If something matters, it has to matter to somebody, that is why it so readily takes a Circumstance of Angle (a grammatical reactance that brings in a second participant, if outside the nucleus):
It matters to mecf. the less likely (yes, I know, I need hard evidence....)
It's big to me.
This is because mattering is evaluative while size is (construed as) objective - and it belongs in appreciation: impact. Now, appreciation and relational clauses are a pretty congruent mix, but as we know from Appraisal, appreciation: impact is borderline with affect, which has some sort of congruency relationship (deliberately vague formulation...) with mental processes. So from this perspective, just as we analyse interesting as appreciation: impact with a nod to affect: satisfaction (if it's interesting someone must be interested), we could also analyse matter as relational with a nod to mental (because of the reactances and the systemic relations, not just notionality). In other words, matter itself is relational, but it entails a separate mental process.
 Here Bartlett confuses the mental Process agnate of a circumstance of Angle (to me) with a qualitative attributive Process (matters). To be clear, in SFL theory, a circumstance of Angle is agnate to a projecting mental or verbal clause. Halliday & Matthiessen (1999: 174-5):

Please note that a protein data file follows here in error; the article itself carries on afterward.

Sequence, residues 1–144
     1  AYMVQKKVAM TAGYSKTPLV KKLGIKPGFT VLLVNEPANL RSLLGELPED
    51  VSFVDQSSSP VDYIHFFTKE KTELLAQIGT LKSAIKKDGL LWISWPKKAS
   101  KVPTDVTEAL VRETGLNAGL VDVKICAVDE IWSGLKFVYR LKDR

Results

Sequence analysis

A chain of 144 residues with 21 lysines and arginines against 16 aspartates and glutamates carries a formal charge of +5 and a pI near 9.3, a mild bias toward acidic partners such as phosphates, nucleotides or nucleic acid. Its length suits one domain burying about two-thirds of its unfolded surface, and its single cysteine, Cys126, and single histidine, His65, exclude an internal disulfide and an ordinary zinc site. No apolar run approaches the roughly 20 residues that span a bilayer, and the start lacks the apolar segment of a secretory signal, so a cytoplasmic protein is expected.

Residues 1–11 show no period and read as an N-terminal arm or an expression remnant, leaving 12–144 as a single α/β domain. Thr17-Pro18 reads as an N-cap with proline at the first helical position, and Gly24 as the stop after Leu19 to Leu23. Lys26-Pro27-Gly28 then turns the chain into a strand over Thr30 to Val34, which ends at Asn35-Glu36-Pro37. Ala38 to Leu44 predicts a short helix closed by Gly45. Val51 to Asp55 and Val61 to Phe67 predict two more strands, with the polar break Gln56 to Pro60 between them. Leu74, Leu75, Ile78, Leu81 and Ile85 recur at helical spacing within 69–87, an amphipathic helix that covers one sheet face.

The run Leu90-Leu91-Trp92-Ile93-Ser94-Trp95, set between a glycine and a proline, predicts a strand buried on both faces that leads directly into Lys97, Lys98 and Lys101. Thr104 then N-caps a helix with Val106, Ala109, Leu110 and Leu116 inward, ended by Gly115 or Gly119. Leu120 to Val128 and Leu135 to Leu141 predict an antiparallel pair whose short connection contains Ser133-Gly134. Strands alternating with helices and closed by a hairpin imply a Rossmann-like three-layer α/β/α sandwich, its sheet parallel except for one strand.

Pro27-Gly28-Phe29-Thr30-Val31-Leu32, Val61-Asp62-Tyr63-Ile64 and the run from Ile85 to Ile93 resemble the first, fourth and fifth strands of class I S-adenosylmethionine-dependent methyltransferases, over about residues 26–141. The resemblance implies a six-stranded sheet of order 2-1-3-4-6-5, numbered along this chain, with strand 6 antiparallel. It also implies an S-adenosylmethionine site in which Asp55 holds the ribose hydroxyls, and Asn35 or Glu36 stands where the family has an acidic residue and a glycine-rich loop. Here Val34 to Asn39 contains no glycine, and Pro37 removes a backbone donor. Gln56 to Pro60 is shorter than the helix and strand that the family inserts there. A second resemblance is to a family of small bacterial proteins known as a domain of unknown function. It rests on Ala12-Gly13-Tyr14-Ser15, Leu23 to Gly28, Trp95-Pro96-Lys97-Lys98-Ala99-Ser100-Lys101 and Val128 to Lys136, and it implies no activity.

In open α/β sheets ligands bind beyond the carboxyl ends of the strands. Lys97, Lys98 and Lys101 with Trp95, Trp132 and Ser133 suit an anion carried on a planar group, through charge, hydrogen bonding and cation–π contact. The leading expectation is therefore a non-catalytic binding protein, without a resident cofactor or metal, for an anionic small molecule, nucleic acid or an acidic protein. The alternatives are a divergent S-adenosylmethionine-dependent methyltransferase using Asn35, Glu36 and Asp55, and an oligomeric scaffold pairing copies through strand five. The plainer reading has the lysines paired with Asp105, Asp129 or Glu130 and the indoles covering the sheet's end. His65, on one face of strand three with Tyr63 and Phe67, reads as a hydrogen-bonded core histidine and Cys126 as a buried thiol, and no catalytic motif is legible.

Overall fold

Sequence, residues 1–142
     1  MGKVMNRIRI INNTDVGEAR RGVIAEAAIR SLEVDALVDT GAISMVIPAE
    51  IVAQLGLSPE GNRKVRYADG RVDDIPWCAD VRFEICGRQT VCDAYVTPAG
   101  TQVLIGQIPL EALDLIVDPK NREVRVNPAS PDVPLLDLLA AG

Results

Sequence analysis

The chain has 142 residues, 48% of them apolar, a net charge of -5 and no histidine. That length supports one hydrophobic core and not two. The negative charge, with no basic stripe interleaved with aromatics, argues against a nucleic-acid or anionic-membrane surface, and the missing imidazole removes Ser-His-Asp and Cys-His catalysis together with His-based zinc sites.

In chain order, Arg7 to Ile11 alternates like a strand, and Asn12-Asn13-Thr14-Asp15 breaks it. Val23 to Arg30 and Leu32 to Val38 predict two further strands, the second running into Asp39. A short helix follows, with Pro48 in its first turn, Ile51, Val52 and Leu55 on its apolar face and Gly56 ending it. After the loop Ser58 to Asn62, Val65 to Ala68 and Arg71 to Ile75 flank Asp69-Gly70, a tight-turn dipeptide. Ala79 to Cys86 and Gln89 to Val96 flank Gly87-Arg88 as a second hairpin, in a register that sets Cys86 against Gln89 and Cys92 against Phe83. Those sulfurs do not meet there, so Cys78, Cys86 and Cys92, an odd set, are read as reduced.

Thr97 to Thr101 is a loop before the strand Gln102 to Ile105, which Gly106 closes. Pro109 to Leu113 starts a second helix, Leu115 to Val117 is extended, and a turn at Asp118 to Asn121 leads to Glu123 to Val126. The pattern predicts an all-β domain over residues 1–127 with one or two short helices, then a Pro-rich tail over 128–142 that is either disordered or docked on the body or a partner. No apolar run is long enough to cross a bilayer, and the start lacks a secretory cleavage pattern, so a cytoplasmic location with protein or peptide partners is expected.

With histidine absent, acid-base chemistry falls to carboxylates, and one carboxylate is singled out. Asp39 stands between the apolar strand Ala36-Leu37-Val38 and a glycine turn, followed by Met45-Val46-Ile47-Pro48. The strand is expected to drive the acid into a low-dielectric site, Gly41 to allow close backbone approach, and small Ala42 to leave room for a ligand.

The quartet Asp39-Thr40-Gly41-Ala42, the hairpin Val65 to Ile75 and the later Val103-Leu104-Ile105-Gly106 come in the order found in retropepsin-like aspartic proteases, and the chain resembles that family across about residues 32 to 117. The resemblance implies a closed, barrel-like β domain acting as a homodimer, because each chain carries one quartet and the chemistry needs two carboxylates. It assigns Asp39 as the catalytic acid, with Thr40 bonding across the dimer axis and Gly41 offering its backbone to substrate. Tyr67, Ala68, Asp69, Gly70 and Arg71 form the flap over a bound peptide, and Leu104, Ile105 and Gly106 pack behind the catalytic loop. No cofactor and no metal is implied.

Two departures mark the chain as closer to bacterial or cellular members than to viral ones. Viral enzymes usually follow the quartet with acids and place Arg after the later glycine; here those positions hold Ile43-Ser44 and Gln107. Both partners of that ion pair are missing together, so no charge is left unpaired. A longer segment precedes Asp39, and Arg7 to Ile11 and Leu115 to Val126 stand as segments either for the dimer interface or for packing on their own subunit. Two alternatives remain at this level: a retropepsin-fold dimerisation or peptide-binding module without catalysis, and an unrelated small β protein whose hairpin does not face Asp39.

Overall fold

This type of circumstance relates to projection rather than expansion, and specifically to the projecting not the projected component. Hence there is no agnate participant; instead, the Angle corresponds to the process of saying (grammatically, the projecting verbal clause in a ‘locution’ nexus) or the process of sensing (grammatically, the projecting mental clause of an ‘idea’ nexus). Thus according to the newspaper corresponds to the newspaper says; and to her students corresponds to her students think.
 To be clear, Angle is a circumstance, not a participant. However, the Range of the prepositional phrase serving as Angle does constitute an indirect participant in the Process — indirect because it is mediated through the minor Process of the prepositional phrase. Halliday & Matthiessen (2014: 329):
The preposition, it was suggested, acts as a kind of intermediary whereby a nominal element can be introduced as an ‘indirect’ participant in the main process.
 Trivially, all second participants are 'outside the nucleus', since the Nucleus comprises only the Process and its Medium.
 This is attempt to justify (or obfuscate) the ideational confusion identified above in , by arguing from the interpersonal system of appraisal: attitude.
 To be clear, the term 'congruent' has a precise meaning in SFL theory. It refers to two levels of symbolic abstraction, typically semantics (meaning) and lexicogrammar (wording), within the one metafunction, being in agreement, as is the case in the absence of grammatical metaphor. Here Bartlett applies it to the relation between interpersonal meaning (appraisal: attitude: affect) and ideational wording (transitivity: mental process clauses).